• regenerating any *.lock files/ shrinkwrap files with new version
  • creating any recommended files (eg. .gitignore)
  • validates all dependencies exist (by vendoring locally)
  • running unit tests
  • source minification
  • linting library syntax
  • generating code coverage reports
  • updating changelog
  • uploading versioned artifact to community hosting service (rubygems/supermarket/pypi/etc)
  • creating a new git tag and pushing changes back to source control (github)
  • creating a new release in source control (github) and attaching any common artifacts

As you can see, some steps are only applicable for some languages and not others. Other steps only make sense for public libraries, like uploading them to the community repos. As mentioned earlier, every step listed is configurable, extendable and can be completely overridden if needed.

Cavaets

While CapsuleCD is very flexible, it’s a bit opinionated. It’s built around Git but only supports Github right now (adding GitLab and Bitbucket support has been left as a community exercise, or if enough people request it). It also works best when paired with a CI server.

I’d also recommend that you run CapsuleCD inside a Docker container, so you don’t have to worry about accidentally clobbering your system pip/ruby/cookbook cache between runs. But this won’t be a problem once vendoring support is added, something that’s at the top of the to-do list.

CapsuleCD was designed around the premise that pull requests precede releasing a new version, but you can also create a release manually from the HEAD of the default branch.

How do I wire it up?

Using CapsuleCD is as easy as:

gem install capsulecd
CAPSULE_SOURCE_GITHUB_ACCESS_TOKEN=1234567890ABCDEF \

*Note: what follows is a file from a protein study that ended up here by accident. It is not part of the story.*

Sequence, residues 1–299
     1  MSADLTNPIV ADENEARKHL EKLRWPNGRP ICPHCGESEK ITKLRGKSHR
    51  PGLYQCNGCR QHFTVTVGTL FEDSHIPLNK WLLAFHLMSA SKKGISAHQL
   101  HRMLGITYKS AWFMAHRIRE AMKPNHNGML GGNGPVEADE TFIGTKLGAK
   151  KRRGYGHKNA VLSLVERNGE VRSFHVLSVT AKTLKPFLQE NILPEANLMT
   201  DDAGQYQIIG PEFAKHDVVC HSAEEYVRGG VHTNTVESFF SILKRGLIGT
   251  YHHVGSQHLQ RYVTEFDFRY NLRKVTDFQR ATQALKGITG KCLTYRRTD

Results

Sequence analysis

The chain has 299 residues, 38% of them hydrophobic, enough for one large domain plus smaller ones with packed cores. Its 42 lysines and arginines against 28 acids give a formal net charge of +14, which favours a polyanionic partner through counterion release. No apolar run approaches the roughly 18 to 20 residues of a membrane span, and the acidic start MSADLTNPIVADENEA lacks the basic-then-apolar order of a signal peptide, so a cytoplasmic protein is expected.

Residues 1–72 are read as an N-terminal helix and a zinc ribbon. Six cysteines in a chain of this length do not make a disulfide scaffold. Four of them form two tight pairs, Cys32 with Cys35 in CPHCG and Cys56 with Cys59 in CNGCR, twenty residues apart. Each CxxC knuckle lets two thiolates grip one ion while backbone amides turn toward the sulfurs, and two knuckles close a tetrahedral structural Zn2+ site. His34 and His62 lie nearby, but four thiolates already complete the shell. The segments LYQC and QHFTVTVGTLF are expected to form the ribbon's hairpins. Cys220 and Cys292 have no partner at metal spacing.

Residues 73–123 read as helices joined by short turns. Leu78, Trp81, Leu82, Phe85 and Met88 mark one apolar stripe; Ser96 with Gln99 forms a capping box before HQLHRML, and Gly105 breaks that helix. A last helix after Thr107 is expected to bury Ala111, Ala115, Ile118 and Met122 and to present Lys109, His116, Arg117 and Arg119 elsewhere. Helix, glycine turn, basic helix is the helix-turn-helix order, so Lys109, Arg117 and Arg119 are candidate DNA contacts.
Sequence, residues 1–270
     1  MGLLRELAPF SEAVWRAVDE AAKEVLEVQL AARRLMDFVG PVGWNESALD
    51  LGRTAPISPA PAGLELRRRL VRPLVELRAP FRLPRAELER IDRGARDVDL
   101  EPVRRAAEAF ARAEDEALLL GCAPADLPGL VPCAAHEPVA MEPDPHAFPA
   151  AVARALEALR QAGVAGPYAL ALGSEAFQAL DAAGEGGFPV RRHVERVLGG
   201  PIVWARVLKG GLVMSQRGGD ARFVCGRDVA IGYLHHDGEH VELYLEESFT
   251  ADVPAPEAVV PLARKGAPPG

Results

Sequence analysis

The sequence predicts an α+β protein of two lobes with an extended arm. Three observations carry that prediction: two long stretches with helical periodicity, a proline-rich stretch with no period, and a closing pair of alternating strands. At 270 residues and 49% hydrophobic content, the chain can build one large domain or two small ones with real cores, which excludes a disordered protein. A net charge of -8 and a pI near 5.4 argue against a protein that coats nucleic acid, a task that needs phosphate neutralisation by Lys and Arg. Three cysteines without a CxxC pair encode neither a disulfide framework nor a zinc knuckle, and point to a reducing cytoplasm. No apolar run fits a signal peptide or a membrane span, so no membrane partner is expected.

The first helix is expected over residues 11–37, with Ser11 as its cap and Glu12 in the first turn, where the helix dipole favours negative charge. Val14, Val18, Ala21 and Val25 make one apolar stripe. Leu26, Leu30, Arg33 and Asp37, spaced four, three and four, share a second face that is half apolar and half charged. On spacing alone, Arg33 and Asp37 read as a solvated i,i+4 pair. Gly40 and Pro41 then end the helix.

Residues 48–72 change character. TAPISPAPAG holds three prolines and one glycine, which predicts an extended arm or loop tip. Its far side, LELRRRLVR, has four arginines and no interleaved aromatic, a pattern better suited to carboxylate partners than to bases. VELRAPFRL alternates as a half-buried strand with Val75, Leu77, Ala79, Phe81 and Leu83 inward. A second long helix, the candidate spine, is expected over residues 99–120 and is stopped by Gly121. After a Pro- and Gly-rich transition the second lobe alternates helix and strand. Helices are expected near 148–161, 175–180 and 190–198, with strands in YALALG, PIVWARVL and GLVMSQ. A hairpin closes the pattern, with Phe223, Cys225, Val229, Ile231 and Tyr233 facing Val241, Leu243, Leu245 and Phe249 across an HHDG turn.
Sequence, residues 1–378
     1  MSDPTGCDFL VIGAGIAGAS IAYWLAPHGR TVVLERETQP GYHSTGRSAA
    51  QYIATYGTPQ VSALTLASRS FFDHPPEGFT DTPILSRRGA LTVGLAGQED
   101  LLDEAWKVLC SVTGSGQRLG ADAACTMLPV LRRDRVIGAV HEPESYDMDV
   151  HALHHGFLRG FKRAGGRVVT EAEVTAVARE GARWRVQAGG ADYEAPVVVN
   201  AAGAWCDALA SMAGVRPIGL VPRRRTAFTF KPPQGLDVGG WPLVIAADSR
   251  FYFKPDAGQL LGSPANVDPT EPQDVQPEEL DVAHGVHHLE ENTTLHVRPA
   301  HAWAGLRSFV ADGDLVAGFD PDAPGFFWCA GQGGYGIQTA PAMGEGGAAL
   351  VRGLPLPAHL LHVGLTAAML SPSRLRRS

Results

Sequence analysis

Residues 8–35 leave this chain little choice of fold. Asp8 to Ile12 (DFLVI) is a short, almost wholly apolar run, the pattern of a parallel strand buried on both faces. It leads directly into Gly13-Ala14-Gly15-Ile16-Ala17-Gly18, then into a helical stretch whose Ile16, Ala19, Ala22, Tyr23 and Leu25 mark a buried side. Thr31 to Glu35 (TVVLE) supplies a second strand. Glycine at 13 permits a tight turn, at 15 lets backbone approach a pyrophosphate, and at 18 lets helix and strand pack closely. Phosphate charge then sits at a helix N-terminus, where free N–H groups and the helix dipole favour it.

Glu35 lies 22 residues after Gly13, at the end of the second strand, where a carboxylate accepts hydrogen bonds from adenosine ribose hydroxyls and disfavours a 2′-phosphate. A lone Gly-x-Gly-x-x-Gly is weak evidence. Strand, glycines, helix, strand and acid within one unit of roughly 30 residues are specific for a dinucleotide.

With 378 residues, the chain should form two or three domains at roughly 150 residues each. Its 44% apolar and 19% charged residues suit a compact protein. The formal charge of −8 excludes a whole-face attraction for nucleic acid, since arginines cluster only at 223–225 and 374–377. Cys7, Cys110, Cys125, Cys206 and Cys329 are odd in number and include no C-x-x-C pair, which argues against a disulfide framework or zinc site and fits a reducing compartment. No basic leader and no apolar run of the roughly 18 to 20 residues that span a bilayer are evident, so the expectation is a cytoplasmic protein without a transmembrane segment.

CAPSULE_RUNNER_REPO_FULL_NAME=AnalogJ/lexicon \
CAPSULE_RUNNER_PULL_REQUEST=10 \
capsulecd start --source github --package_type python

or with Docker

docker pull AnalogJ/capsulecd:python
docker run -e "CAPSULE_SOURCE_GITHUB_ACCESS_TOKEN=1234567890ABCDEF" \
-e "CAPSULE_RUNNER_REPO_FULL_NAME=AnalogJ/lexicon" \
-e "CAPSULE_RUNNER_PULL_REQUEST=10" \
AnalogJ/capsulecd:python \
capsulecd start --source github --package_type python

Basically what you’re doing is specifying the GITHUB_ACCESS_TOKEN for the automation user who will be pulling the source from Github, bumping the version, making any code changes, tagging the new version and pushing back to Github. The REPO_FULL_NAME environmental variable is used to specify the repo we’re processing. The PULL_REQUEST number tells CapsuleCD which branch to process and create a new release from.

Ugh, Ruby? My library is written in Go/Lisp/Javascript/Python/etc.

To be honest, CapsuleCD isn’t meant for library developers, its meant for the Ops/Devops team members that maintain the releases. Ruby is a powerful language, and the most popular configuration management tools (Puppet/Chef) are written in Ruby, which means it’s one less language that your Ops guys need to learn (because who really wants to do package management in Lisp).

All our Rubygems are private, how do I override the publish step to point to our private Gem server?

Check out the Step pre/post hooks and override section of the README.md

Jason Kulatunga

Build Automation & Infrastructure guy @Adobe. I write about, and play with, all sorts of new tech. All opinions are my own.

San Francisco, CA blog.thesparktree.com